(WTVM) - There was a time when the closest politics got to sports was when a President threw out the first pitch on baseball’s Opening Day, or perhaps tossed the coin at a Super Bowl.
Now, politics is deeply entwined with major league sports in ways few fans could have imagined just a few years ago. And once again, Georgia is at the heart of the latest controversy.
Last Friday, Major League Baseball sought to punish Georgia by yanking the upcoming All Star Game out of Atlanta, citing Georgia’s newly passed Election Integrity Law.
Commissioner Robert Manfred’s statement said, “Major League Baseball fundamentally supports voting rights for all Americans and opposes restrictions to the ballot box. Fair access to voting continues to have our game’s unwavering support.”
That’s something everyone supports.
But looking closely at key parts of the Georgia law shows nothing that undermines “fair access to voting” or any “restrictions to the ballot box.”
One part of the law frequently misquoted is about voters not being given water at the polls.
The law prevents political organizations from giving voters in line anything, a long-standing, widely accepted practice to avoid influencing voters.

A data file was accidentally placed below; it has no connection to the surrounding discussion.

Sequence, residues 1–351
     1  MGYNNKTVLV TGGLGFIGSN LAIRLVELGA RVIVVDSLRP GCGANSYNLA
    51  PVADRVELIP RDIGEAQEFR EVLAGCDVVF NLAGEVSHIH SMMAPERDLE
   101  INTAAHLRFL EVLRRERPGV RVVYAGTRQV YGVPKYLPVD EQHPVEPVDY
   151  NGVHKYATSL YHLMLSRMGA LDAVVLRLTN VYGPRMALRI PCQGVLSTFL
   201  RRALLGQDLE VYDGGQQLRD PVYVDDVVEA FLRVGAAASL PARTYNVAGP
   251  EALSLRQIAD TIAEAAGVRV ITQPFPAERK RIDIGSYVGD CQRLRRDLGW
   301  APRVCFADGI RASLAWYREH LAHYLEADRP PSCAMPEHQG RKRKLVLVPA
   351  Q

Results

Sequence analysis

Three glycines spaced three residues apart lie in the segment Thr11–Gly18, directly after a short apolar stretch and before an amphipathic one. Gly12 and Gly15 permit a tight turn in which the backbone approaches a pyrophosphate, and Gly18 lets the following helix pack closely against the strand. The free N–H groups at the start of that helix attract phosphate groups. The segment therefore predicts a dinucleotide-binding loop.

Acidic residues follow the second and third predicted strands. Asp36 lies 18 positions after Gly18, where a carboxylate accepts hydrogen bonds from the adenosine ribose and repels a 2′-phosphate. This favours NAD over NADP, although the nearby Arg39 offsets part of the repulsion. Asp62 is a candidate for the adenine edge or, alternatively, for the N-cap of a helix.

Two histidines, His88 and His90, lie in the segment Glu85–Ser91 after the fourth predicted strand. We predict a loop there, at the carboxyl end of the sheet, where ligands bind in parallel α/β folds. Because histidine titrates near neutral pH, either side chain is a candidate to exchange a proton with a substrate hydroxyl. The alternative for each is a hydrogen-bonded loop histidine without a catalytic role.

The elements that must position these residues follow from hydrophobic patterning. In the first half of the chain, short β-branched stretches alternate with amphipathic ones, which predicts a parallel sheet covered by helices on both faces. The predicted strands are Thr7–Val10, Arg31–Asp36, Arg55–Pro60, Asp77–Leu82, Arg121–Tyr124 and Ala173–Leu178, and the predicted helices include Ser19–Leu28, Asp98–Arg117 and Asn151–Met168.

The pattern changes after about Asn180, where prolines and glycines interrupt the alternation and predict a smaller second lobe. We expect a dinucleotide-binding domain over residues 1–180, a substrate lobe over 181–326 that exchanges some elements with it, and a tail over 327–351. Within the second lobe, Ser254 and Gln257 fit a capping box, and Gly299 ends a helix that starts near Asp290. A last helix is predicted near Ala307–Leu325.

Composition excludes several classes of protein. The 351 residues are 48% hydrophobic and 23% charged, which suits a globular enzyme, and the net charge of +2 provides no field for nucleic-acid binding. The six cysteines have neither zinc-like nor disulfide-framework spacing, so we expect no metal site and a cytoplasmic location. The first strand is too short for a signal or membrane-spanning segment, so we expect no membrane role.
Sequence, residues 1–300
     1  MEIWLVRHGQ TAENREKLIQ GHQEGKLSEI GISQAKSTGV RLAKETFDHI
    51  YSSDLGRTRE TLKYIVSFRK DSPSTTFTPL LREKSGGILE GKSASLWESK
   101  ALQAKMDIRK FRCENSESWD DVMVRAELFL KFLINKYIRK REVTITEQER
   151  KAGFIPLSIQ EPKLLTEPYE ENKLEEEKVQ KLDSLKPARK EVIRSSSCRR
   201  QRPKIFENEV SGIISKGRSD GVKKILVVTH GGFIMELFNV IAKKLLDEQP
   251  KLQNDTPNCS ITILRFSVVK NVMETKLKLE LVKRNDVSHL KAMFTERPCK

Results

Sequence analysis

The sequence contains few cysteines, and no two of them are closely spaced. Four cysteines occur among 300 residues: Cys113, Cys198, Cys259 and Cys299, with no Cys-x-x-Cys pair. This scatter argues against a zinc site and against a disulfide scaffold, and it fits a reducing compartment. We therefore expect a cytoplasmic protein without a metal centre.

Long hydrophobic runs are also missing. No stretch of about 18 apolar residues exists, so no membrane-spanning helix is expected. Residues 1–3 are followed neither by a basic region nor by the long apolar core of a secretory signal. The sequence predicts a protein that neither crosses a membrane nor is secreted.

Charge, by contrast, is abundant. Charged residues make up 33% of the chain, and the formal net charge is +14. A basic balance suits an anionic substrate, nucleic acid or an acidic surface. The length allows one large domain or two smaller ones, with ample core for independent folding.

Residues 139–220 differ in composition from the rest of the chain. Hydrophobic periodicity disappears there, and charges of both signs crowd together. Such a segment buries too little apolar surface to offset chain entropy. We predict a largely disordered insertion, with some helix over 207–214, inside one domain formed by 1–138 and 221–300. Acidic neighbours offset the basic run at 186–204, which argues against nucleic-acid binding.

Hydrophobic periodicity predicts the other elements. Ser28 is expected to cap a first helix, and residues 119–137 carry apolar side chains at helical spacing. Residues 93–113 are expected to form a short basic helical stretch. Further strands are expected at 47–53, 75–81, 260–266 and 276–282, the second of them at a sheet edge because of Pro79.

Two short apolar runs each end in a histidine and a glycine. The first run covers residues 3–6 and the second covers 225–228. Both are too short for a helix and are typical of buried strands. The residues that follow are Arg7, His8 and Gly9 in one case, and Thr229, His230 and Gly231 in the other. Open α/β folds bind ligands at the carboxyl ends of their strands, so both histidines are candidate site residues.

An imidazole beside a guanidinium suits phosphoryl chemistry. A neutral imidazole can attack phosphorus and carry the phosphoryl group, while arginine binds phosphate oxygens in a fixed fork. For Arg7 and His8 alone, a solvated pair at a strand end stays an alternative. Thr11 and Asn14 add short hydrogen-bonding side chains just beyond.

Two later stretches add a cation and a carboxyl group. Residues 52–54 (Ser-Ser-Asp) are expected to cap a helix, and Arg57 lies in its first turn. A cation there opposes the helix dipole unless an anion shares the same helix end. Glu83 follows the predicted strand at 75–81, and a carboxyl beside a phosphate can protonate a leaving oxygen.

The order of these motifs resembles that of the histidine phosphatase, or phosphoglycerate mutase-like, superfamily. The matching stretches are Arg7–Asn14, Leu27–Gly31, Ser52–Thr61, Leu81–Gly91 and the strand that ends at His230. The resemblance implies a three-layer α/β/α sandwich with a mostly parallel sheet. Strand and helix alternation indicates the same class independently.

Another part of the new law says unsolicited absentee ballot applications will not go out, unlike last year when absentee ballots were sent to every voter, whether they asked for one or not, because of COVID-19.
The law also does away with signature-matching for absentee ballots, which many critics long argued was unfair.
Now Georgia absentee voters will have any number of ways to establish their identity to make it easier to vote, not harder. A driver’s license number, the last four digits of their social security number, or a bill sent to your address or even a government check are among the many ways to provide ID.
But instead of seeing these as common sense voting rules, organizations like Major League Baseball choose to play politics.
In the end, baseball is just a game.
The real losers will be the workers in Atlanta punished by the loss of sports-related income.
It’s time for baseball to stick to the box scores and leave politics and voting laws to the legislators elected by the people.
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